While I am talking about mass, there is something that always bothered me. Bruce Banner is a pretty normal-looking human, right? But then he turns into The Hulk .... So, if he goes from 70 kilograms as a human to almost 300 kg as The Hulk, where does the extra mass come from?
But what if The Hulk doesn’t change mass? In this case, he would still be 70 kg, but have a different density.
Using the same values for heights, this would put The Hulk’s density at 0.24 times the density of a human. If I assume about 1,000 kg/m3 for a human, the Hulk would have a density of 240 kg/m3. Just to compare, this is similar to the density of cork
Half the time it seems like Hulk is supposed to be some kind of mindless rage machine that smashes anything it finds, and the other half he's a big strong brute who knows exactly who is the good and bad guys and gals are, like a big green strong Bruce Banner.
100% Beanplate, 0% fun.
I think this is what annoys me the most. Part of the point of these things is that they exist in a place where the laws of physics can bend like taffy, and invariably someone will go 'that can't work under the laws of physics' and complain about it being 'unrealistic'.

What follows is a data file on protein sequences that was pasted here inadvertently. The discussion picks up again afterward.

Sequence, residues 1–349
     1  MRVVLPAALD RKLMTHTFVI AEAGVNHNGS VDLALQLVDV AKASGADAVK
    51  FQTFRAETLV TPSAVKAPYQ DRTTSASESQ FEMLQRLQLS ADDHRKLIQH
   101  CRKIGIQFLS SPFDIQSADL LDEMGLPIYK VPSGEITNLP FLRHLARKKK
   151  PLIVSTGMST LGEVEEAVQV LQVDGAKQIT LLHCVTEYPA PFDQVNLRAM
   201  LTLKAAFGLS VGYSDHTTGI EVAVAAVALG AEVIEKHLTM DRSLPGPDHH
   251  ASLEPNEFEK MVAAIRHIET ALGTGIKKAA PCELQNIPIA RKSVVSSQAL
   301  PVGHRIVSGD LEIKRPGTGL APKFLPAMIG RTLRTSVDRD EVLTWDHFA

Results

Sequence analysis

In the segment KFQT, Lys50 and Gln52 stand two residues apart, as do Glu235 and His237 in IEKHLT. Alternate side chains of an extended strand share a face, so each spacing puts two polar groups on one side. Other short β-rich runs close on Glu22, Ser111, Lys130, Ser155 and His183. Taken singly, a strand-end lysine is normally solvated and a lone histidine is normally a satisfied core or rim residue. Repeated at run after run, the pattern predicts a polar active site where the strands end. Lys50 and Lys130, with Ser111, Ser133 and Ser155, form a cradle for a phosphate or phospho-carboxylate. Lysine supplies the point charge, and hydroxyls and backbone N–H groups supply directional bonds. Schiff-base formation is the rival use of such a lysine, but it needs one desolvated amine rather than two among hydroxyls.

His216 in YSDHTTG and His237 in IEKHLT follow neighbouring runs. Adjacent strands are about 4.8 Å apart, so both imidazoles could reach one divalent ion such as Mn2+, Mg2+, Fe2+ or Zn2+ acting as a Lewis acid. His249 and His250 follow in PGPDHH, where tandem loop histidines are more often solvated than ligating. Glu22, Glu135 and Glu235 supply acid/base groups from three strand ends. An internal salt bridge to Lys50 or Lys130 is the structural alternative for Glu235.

That example is interesting - the Heisenberg compensator doesn't really offer any explanation at all, BS or otherwise. It's just saying "Yes, we're aware that the star trek transporter, as we're presenting it, is impossible under our understanding of physics. So what if we tell you there's a special part that breaks that law of physics? Then can you shut up and let us tell the damn story, please?"
It wouldn't have taken much effort for the Avengers animation team to show cracked concrete at The Hulk's departure points. It's not a failure of money or time, it's a failure of imagination. I have a feeling that future CGI productions will take such criticism to heart, and make forthcoming superhero films that much more convincing.
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